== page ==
The Atlantic Daily: The History of 2018

A look back at some of this year’s stories: separations at the border, a #MeToo reckoning incomplete, the tragic cycles of mass shootings, and more

Rosendo Noviega, a 38-year-old migrant from Guatemala, and his daughter, part of a caravan from Central America on the way to the U.S. (Ueslei Marcelino / Reuters)

Dear Daily readers: This waning week of 2018 has been a maelstrom all its own. President Donald Trump landed in Iraq to visit U.S. troops stationed there. The avenues to asylum for migrant children arriving at the U.S. southern border continue to narrow. The U.S.-government shutdown continues, while markets swing down and up. An overnight tsunami has killed hundreds in Indonesia—the second major tsunami to hit the island in the past few months, adding to an expanding global tally of ever more unprecedented natural disasters.

In our final few newsletters of the year, we take stock of the year, in all its heartache and hilarity, its madness, its transcendence.

What to Read

These are the silliest, most unique winter holiday rituals submitted by our readers
We asked you about your family’s unusual traditions, and you shared with us some truly wild ones. We illustrated some of our favorites.  → Read on.

I used to write for Sports Illustrated. Now I deliver packages for Amazon (Austin Murphy)
“There’s a certain novelty, after decades at a legacy media company—Time Inc.—in playing for the team that’s winning big, that’s not considered a dinosaur, even if that team is paying me $17 an hour (plus OT!). It’s been healthy for me, a fair-haired Anglo-Saxon with a Roman numeral in my name (John Austin Murphy III), to be a minority in my workplace, and in some of the neighborhoods where I deliver.” → Read on.

Santa Claus visits the San Juan de Dios Hospital in Guatemala City on December 19, 2018
A man dressed as Santa Claus visits patients at San Juan de Dios Hospital in Guatemala City on December 19, 2018. Alan Taylor has put together this gallery of festivities, observances, charity events, and quiet moments from around the world over the holiday season. (Photo: Johan Ordonez / AFP / Getty)

“The separation was so long. My son has changed so much” (Jeremy Raff)
“If officials thought she had crossed the border for better work opportunities or family reunion or anything short of a life-and-death situation at home—she would most likely be deported. Quite possibly without Jenri.”  → Read on.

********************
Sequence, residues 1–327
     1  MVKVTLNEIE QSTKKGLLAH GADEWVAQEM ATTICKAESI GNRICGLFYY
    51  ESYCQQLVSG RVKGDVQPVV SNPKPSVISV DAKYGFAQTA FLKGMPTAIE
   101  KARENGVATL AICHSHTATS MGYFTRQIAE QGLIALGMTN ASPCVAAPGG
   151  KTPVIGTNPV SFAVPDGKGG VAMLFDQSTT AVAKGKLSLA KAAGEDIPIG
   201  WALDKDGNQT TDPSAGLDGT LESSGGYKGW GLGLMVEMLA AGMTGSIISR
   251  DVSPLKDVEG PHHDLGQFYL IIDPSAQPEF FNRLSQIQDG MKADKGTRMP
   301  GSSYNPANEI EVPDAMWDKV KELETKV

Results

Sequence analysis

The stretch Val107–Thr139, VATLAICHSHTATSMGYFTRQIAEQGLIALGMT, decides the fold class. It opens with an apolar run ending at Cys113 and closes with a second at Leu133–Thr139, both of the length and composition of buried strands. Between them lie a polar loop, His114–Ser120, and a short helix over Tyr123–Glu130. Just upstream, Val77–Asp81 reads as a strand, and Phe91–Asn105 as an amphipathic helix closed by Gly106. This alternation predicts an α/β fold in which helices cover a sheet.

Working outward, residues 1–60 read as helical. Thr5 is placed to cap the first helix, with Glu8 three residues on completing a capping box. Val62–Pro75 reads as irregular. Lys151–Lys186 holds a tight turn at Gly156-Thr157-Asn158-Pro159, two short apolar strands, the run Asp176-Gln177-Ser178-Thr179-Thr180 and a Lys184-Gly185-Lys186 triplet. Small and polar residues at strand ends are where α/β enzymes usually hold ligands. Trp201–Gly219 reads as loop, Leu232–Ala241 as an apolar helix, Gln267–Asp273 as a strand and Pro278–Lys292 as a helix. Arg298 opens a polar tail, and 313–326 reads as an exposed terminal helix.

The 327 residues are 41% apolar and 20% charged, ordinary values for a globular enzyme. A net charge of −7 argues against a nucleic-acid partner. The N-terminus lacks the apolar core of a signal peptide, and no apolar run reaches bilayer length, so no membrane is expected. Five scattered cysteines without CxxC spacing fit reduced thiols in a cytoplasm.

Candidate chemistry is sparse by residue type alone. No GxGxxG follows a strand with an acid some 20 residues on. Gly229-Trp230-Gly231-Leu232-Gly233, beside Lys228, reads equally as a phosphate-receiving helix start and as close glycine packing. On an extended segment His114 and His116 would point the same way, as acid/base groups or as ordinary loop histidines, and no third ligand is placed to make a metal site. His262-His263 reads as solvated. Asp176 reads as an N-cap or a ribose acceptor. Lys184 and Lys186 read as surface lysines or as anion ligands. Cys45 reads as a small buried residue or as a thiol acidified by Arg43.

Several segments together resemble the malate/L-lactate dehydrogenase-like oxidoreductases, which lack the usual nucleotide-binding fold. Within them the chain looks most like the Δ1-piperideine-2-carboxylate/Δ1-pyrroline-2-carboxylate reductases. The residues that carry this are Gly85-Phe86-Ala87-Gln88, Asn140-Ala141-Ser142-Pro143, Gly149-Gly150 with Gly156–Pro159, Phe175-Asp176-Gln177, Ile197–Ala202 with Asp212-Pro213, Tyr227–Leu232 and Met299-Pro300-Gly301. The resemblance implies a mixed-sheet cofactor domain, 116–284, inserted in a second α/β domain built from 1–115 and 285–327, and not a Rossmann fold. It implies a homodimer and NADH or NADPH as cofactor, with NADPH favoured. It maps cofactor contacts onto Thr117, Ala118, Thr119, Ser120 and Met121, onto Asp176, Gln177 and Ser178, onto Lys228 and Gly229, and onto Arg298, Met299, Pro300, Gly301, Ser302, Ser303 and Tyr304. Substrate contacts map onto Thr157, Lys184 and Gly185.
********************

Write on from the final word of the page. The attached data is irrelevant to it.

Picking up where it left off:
The cruelty is the point (Adam Serwer)
“Their cruelty made them feel good, it made them feel proud, it made them feel happy. And it made them feel closer to one another.”  → Read on.

The Jews of Pittsburgh bury their dead (Emma Green)
“America has developed a mourning rhythm around mass shootings. The first reports hit Twitter, and then cable news. Stories, light on detail and long on familiar imagery like police trucks and do-not-cross tape, start to trickle out … It is day three of the after for Pittsburgh, but the mourning in the Jewish community has only just begun.” → Read on.

What I saw treating the victims from Parkland should change the debate on guns (Heather Sher)
“I was looking at a CT scan of one of the mass-shooting victims from Marjory Stoneman Douglas High School, who had been brought to the trauma center during my call shift. The organ looked like an overripe melon smashed by a sledgehammer, and was bleeding extensively. How could a gunshot wound have caused this much damage?” → Read on.

I'm not black, I'm Kanye
Illustration by Glenn Harvey

Kanye West wants freedom—white freedom (Ta-Nehisi Coates)
“It is often easier to choose the path of self-destruction when you don’t consider who you are taking along for the ride, to die drunk in the street if you experience the deprivation as your own, and not the deprivation of family, friends, and community.” → Read on.

The phantom reckoning (Megan Garber)
“How does the famous man, the sad victim of #MeToo’s chaos and wrath, feel about it all? What is his point of view, one really must ask? The women in all this question-asking are, meanwhile—shocking, predictable—distanced and blurred until, finally, they are simply written out of the story altogether. ” → Read on.

When I was in high school, I faced my own Brett Kavanaugh (Caitlin Flanagan)
“I told no one. In my mind, it was not an example of male aggression used against a girl to extract sex from her. In my mind, it was an example of how undesirable I was. It was proof that I was not the kind of girl you took to parties, or the kind of girl you wanted to get to know.” → Read on.

Young people are having less sex
Illustration by Mendelsund / Munday

The 9.9 percent is the new American aristocracy (Matthew Stewart)
“The meritocratic class has mastered the old trick of consolidating wealth and passing privilege along at the expense of other people’s children.” → Read on.

Why are young people having so little sex? (Kate Julian)
“Name a modern blight, and someone, somewhere, is ready to blame it for messing with the modern libido.” → Read on.

The worst is yet to come: a warning from Europe (Anne Applebaum)
“This is not 1937. Nevertheless, a parallel transformation is taking place in my own time, in the Europe that I inhabit and in Poland, a country whose citizenship I have acquired.” → Read on.

This special edition of the Daily was compiled by Shan Wang. Concerns, comments, questions? Email

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